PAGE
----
Here's a specific historical example: In the early 19th century, much of Europe was in political and economic turmoil. In what is now Germany, and in other parts of northern Europe, the “peasants,” as poor people were called then, could no longer afford beer or wine. Instead, they turned to “schnaps,” the generic name then for any cheap liquor made from whatever was available. In early 19th century Germany, schnaps was typically made from potatoes. (*1)

As the economy deteriorated, and more people switched from beer to hard liquor, brewers began closing their doors. Many migrated to the United States in search of work. (Among them was the Best family, which founded what eventually became Pabst Brewing.)

My educated historian’s guess tells me that the same thing is happening now in countries and regions around the world: Poor people who could afford beer a year ago are turning to cheaper spirits instead. In China, for example, the economy has all but collapsed in the past year. Many people in that rising middle class who might have drunk Heineken or Budweiser or Snow (the best-selling Chinese brand) will turn back to dirt-cheap -- and highly intoxicating -- spirits made from bamboo or rice. (*2)

So, too, in Latin America and eastern Europe, even if those regions seems relatively affluent. Brazil, for example, and Mexico, contain huge, sophisticated cities, but those cities are full of people who live close to disaster and who often scrounge for food. And most human beings don’t live in cities. They live in the country and are the first to feel the impact of global economic chaos. China may seem like a nation of urbanites, for example, but most Chinese people are still “peasants.”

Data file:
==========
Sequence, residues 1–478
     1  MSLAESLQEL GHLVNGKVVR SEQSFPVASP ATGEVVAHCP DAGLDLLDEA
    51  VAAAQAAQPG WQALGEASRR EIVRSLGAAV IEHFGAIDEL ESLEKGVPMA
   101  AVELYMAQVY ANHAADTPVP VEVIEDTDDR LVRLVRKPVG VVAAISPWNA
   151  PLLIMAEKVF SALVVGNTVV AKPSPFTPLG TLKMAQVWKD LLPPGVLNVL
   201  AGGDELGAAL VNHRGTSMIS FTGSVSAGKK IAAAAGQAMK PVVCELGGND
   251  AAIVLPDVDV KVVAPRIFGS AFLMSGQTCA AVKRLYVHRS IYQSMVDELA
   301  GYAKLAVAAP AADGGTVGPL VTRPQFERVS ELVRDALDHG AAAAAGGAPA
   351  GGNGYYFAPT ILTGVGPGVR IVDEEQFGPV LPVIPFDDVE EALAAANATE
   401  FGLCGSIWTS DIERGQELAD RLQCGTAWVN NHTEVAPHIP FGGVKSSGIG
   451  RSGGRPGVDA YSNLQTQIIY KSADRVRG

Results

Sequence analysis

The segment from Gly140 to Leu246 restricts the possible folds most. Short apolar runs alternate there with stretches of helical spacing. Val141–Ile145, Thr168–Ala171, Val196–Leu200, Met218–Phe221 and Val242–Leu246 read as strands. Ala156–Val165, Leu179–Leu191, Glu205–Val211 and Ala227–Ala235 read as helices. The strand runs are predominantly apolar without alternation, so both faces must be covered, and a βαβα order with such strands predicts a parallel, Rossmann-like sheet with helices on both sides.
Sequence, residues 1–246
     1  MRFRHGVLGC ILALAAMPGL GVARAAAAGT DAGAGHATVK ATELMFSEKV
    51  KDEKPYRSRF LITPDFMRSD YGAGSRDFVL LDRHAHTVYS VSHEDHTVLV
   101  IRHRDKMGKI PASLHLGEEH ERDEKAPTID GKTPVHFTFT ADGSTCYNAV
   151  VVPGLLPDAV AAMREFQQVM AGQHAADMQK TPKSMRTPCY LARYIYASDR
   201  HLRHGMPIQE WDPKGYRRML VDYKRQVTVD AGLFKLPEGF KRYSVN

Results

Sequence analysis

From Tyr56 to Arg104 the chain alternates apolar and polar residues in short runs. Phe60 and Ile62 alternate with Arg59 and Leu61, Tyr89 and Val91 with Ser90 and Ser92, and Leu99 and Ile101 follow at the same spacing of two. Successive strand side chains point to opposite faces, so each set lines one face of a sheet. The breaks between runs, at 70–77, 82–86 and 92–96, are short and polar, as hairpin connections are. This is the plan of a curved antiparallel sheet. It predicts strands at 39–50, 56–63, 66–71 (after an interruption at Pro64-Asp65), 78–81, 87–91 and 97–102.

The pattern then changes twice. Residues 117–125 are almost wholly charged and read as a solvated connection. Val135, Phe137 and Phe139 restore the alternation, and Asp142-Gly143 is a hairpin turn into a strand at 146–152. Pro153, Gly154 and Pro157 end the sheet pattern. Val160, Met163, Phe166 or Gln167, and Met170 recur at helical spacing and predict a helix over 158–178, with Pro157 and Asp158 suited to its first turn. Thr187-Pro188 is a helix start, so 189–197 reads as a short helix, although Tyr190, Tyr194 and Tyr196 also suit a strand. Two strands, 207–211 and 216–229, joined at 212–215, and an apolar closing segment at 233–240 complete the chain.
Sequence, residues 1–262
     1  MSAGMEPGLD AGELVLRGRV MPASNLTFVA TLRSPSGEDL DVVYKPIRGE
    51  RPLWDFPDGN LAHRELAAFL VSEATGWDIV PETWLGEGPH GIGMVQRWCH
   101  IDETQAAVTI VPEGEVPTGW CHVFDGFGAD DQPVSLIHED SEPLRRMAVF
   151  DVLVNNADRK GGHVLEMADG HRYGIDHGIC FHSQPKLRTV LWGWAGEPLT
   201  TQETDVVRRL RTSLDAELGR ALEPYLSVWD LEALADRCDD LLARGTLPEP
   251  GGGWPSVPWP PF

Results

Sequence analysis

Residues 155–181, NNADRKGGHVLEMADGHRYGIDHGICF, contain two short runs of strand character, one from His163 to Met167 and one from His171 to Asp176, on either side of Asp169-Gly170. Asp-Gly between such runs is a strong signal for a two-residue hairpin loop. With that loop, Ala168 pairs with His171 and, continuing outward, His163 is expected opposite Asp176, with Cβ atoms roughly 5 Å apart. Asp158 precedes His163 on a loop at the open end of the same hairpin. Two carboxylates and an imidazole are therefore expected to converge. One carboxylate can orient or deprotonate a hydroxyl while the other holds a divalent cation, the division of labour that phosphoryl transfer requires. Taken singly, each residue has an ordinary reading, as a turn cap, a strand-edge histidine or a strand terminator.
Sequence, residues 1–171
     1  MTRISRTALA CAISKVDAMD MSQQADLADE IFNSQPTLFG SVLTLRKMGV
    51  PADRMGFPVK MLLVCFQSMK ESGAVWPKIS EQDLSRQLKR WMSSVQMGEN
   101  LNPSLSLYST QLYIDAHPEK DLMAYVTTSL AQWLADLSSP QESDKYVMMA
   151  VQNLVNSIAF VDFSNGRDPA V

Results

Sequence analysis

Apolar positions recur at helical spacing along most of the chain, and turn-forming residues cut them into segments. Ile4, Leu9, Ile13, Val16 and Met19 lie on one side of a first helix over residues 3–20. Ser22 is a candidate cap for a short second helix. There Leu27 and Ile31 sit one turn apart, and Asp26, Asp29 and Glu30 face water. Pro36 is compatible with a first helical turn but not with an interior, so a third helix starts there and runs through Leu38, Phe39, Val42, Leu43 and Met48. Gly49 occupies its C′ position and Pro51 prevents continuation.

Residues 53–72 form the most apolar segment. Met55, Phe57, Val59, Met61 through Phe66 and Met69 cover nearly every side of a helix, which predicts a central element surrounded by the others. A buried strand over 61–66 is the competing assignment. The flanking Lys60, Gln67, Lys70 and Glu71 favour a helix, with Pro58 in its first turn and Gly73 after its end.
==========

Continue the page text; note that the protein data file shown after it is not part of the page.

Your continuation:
So I’m not surprised that the global beer companies like SABMiller and others are reporting declining sales.


*1: People viewed potatoes as fit only for animals, and turned to it for sustenance -- or drink -- only when “real” food was in short supply. (There’s a reason potatoes are associated with the Irish and the Irish famine.)

*2: The bamboo liquor will knock you flat on your ass in ten minutes flat. I speak from experience. We still have some in our house, leftover from our last trip to China. I keep my distance....

Timely Commentary: In Defense of Introverts

Apropos my mash note to Andy Crouch, this from the always entertaining Alan Jacobs on the "fascism of Facebook," as he calls it. He links to this 2003 essay in the New Atlantic, which contains this spot-on summary of me, er, of the introvert:

Do you know someone who needs hours alone every day? Who . . . can give a dynamite presentation to a big audience, but seems awkward in groups and maladroit at small talk? Who has to be dragged to parties and then needs the rest of the day to recuperate? Who growls or scowls or grunts or winces when accosted with pleasantries by people who are just trying to be nice? . . . If you answered yes to these questions, chances are that you have an introvert on your hands . . . ."

Introverts of the world, rise up against the tyranny of extroversion. Seize your solitude!